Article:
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House Price Crash Forum

frederico

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About frederico

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  1. Well he has a point, everywhere you look is a massive risk or negative real return. I'm a lucky old boomer, but my grown up kids aren't, buy a house now? Dare I say btl, no chance. Stock market ditto, I told the kids I would help them buy a house but they have other focuses. They don't want the hassle. Don't get me started on the costs of none productive hangers on. So I've decided to spend a load on home improvements and I've paid of my mortgage, just to make you really upset I have a couple of db pensions and a small dc pot. That doesn't mean I don't think the whole thing is a mess, there's just nothing I can do about it.
  2. The bubble will burst when redundancies rise and houses get repossessed, but that won't happen.
  3. In the case of house prices past performance does seem to be an indication of future performance. Lives are going to be over before any change occurs. Many have already been wasted.
  4. Yeah well with financial props and government intervention they will still go up. It's been a long time (20 years) since any sort of free market existed. Of course if the government or banks lose control then it could be a very very hard landing. They do seem stuck between a rock and a hard place, but they usually come up with something.
  5. Yeah I bought in 87 and sold a few years later, strange times, don't think it'll be allowed again.
  6. Yes I've been using the same reasoning for years now, but the UK has just kept going defying gravity.
  7. Unfortunately, in the real world the boe have decided that high house prices make people feel rich so they spend, which is true. As we have a consumer driven economy this is a must. So I expect heaven and earth to be moved to keep prices rising. This of course is a folie, leading to yet more personal debt. However they don't know anything else. Inflation is a problem though as interest rates are going up. So it will have to be a really clever scam like government mortgages that you pay back over 30 years or more.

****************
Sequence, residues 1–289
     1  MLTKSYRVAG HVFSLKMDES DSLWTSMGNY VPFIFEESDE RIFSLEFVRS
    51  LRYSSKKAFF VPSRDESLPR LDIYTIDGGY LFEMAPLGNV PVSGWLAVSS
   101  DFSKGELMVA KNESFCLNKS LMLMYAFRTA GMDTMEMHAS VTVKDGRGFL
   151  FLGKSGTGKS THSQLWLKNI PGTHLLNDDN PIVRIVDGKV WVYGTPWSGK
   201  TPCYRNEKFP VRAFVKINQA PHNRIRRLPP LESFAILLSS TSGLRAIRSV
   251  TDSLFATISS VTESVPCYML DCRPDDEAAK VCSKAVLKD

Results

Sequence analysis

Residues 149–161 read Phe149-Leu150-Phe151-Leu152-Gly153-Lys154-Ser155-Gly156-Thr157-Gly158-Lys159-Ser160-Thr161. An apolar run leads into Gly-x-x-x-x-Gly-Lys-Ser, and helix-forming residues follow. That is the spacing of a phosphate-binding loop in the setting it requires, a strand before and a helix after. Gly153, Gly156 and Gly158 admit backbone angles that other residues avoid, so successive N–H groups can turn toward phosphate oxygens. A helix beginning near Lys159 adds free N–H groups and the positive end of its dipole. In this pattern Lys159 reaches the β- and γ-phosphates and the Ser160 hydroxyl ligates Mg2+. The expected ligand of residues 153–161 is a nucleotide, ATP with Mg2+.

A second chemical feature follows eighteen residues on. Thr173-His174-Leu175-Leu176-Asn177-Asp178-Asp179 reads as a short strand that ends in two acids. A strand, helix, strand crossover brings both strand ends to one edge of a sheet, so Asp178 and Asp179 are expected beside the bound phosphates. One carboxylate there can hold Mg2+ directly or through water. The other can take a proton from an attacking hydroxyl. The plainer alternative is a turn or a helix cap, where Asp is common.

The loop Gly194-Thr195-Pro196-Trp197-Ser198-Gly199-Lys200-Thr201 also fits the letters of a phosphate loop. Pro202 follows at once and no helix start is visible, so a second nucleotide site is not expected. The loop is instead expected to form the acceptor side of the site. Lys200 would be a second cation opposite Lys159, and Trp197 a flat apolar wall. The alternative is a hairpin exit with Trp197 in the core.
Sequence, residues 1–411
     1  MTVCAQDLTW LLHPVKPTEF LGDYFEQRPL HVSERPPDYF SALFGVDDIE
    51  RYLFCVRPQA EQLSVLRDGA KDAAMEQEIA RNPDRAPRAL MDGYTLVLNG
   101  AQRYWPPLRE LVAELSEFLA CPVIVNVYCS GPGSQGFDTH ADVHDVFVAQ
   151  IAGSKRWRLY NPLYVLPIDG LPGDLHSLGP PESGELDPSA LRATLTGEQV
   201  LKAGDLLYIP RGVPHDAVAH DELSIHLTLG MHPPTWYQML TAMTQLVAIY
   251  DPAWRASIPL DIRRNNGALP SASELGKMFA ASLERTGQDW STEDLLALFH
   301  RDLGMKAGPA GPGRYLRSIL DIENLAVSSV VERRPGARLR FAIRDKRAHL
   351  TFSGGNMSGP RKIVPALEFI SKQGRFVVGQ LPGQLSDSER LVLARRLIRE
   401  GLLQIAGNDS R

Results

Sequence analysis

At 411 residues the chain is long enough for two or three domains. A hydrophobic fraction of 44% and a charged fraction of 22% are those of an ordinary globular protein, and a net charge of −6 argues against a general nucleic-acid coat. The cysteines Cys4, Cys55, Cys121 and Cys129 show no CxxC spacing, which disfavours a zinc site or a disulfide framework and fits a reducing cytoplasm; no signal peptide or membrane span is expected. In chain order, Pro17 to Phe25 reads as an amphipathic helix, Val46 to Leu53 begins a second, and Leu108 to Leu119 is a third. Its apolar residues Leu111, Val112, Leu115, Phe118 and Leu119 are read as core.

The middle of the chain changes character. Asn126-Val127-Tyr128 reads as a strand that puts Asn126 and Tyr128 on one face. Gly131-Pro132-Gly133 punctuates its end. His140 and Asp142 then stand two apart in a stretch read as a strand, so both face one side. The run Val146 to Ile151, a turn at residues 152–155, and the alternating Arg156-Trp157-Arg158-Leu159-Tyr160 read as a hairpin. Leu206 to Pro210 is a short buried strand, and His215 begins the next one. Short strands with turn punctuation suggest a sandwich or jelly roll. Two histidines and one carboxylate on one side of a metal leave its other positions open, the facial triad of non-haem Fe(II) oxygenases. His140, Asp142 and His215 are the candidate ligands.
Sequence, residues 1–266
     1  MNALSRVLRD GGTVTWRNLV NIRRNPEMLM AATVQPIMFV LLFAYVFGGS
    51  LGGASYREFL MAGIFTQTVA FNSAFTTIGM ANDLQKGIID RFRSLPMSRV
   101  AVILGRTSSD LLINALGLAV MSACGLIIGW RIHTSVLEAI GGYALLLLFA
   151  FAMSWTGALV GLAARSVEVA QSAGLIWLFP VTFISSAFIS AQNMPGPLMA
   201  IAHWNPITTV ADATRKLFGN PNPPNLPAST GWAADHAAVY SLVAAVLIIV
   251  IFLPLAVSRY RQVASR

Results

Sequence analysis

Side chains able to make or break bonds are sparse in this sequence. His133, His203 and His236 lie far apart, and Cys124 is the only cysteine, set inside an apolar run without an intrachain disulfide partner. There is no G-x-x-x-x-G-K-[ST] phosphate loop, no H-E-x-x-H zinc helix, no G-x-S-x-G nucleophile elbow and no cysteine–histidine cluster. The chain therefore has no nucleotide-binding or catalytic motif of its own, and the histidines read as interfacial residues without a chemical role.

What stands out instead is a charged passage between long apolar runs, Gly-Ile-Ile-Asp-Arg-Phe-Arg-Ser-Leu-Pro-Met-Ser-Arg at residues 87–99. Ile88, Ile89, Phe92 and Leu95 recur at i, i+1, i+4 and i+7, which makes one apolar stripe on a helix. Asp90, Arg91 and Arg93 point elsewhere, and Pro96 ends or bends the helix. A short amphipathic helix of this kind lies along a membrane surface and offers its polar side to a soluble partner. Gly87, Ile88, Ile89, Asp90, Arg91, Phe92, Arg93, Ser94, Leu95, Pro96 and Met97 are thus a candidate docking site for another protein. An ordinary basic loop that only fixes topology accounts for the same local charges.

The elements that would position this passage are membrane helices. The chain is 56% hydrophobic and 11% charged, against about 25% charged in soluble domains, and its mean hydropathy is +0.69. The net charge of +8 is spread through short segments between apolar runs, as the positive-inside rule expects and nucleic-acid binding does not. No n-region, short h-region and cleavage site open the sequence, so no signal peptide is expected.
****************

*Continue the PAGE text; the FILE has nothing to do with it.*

8. I think just holding it steady would kill the market, I think the housing market has been inflated directly by qe, qe allows banks to lend to infinity, htb and stamp duty holiday meant people didn't have to save the deposit, the very thing that was introduced after the financial crisis to curb sub prime loans. All of this was intentional as they think increasing house prices make people feel rich and more disposed to spending. Which is true but they are not really rich.
  9. Be careful not to over complicate things, inflation appears at the moment to be a supply side thing. The reasons for that are debatable. Possibly qe has caused hpi through fractional reserve banking and low rates, so now rates are creeping up and they don't want to do anymore qe. So what are house prices going to do? They thought making you think you're rich with hpi would make you spend and keep the economy going, which it sort of did but not in a sustainable way.
  10. I think because the government is impacted by it they have to be bothered about it. Over the past 10 years I have expected inflation but it never really came, probably due to the various suppressors of demand including most recently covid. I put as much as I could into index linked as it wasn't clear to me which way things would go. The economy is global now though which thoroughly complicates things as we import most things except financial services. Inflation now could be insensitive to domestic policy making it very difficult to control. So the real answer is high wages low cost domestic production for export, not much of that happening.
  11. I don't think the usual rules will apply, because financial rules and measures have drastically separated from common sense. Money is too easy to create, hence borrowing is too easy to do. Which is what they intended. Lol the only way to control borrowing is rates. Long term rates will not drop because money creation is too easy.
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